U.S. District Judge Susan Richard Nelson apparently was persuaded by the Former NFL Players’ Association’s position that the lockout was causing irreparable harm.
Per her opinion, the players “have made a strong showing that allowing the League to continue their ‘lockout’ is presently inflicting, and will continue to inflict, irreparable harm upon them, particularly when weighed against the lack of any real injury that would be imposed on the NFL by issuing the preliminary injunction.”
“The public ramifications of this dispute exceed the abstract principles of the antitrust laws, as professional football involves many layers of tangible economic impact, ranging from broadcast revenues down to concessions sales,” she wrote. “And, of course, the public interest represented by the fans of professional football — who have a strong investment in the 2011 season — is an intangible interest that weighs against the lockout. In short, this particular employment dispute is far from a purely private argument over compensation.”
Granting the injunction swings the leverage to the players’ side, so therefore, it is logical that the NFL will immediately appeal the ruling.
“We will promptly seek a stay from Judge Nelson pending an expedited appeal to the Eighth Circuit Court of Appeals,” the league said. “We believe that federal law bars injunctions in labor disputes. We are confident that the Eighth Circuit will agree. But we also believe that this dispute will inevitably end with a collective bargaining agreement, which would be in the best interests of players, clubs and fans. We can reach a fair agreement only if we continue negotiations toward that goal.”
The NFL Owners’ position was that it is their right to lockout the players and that the federal court does not have jurisdiction while the National Labor Relations Board considers an unfair labor charge that the players failed negotiate in good faith.
Now the question is, what happens next? The collective bargaining agreement has expired, so what will happen with free agency, trades and offseason workouts? All of these were banned under the lockout.
Jim Tressel, Head Football Coach at Ohio State University, has a record of 106-22 and under his leadership the Buckeyes won the 2002 National Championship. The football team went 12-1 last season and beat Arkansas in the Sugar Bowl by the score of 31-26. However, winning will not shield you or your University from the long-arm of the NCAA.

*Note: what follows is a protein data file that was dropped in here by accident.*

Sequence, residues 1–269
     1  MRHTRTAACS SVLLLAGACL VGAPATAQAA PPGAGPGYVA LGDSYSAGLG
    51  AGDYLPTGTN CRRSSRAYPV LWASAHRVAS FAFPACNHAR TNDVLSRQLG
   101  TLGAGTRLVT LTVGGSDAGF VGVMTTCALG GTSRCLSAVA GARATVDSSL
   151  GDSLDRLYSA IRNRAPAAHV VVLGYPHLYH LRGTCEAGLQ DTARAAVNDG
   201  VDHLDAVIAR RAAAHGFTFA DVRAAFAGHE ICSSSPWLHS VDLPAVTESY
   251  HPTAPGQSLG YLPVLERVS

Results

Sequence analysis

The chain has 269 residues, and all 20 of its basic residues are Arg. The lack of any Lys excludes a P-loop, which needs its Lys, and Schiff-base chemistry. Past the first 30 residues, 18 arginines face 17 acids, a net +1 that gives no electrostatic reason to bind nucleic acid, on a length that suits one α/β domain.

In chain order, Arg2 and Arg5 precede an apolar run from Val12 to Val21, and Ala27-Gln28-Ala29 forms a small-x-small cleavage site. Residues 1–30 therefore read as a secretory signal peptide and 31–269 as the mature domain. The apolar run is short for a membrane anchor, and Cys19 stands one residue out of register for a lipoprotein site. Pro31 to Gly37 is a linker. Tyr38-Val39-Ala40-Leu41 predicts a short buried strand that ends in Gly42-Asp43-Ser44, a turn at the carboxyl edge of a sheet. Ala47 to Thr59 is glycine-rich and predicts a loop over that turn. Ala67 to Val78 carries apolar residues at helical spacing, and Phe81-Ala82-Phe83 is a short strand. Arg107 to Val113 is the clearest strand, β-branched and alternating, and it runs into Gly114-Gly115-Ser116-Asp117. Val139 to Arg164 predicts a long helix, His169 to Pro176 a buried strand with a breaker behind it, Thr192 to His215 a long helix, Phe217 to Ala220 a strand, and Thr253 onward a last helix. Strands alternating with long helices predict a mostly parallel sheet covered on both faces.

On Monday, the NCAA accused Coach Tressel of withholding information and lying in an effort to keep players eligible who had accepted improper benefits.
In a thirteen-page Notice of Allegations, the NCAA alleges that Coach Tressel “permitted football student-athletes to participate in intercollegiate athletics while ineligible.” It also alleges that he “failed to deport himself … (with) honesty and integrity”. It continued by claiming that Coach Tressel lied when he filled out a NCAA compliance form in September 2010 that stated he had no knowledge of any NCAA violations by any of his players.
The NCAA usually considers these to be “major violations” but did not cite Ohio State University itself, since allegedly Coach Tressel hid the information from the University for more than nine months.
This whole incident began when Coach Tressel received an email on April 2, 2010, from former player and Columbus lawyer Christopher Cicero. Attorney Cicero informed Coach Tressel that a federal agency raided the house of tattoo-shop owner and discovered autographed Ohio State jerseys, cleats, pants and helmets, Big Ten championship rings and the “gold pants” trinkets given to Buckeyes players for beating Michigan.
Coach Tressel’s response to the email: “I will get on it ASAP.” However, he did not. He failed to notify Ohio State President, anyone else in the athletic department, the compliance department, or anyone in the legal department.
Coach Tressel later admitted to covering up his own knowledge of the players’ violations and received a five-game suspension and a $250,000 fine. The NCAA could accept Ohio State’s suggestion of sanctions, or could levy much more severe penalties. One such penalty could be vacating the entire 2010 regular season.
Michi Nogami-Marshall, wife of Miami Dolphin’s wide receiver Brandon Marshall, was arrested and
charged with aggravated battery with a deadly weapon after she allegedly stabbed her husband with a kitchen knife. Ms. Marshall claimed she was defending herself, Brandon Marshall claimed he slipped and fell on a broken glass vase, but the evidence didn’t substantiate either’s claim.
The National Football League lockout restricts a team’s contact with players, but a Dolphin team doctor can see Marshall to evaluate his condition. Also, the Dolphins, per the rules, can express appropriate well wishes. Isn’t that nice.
Brandon Marshall is no stranger to the justice system. In 2009, he was arrested in Atlanta, Georgia on battery charges after he fought with his then finance, Michi Nogami-Marshall. The case was dismissed after both parties refused to testify.
Additionally, Marshall was involved in a fight that led to a drive-by slaying of former Denver Bronco, Darrent Williams.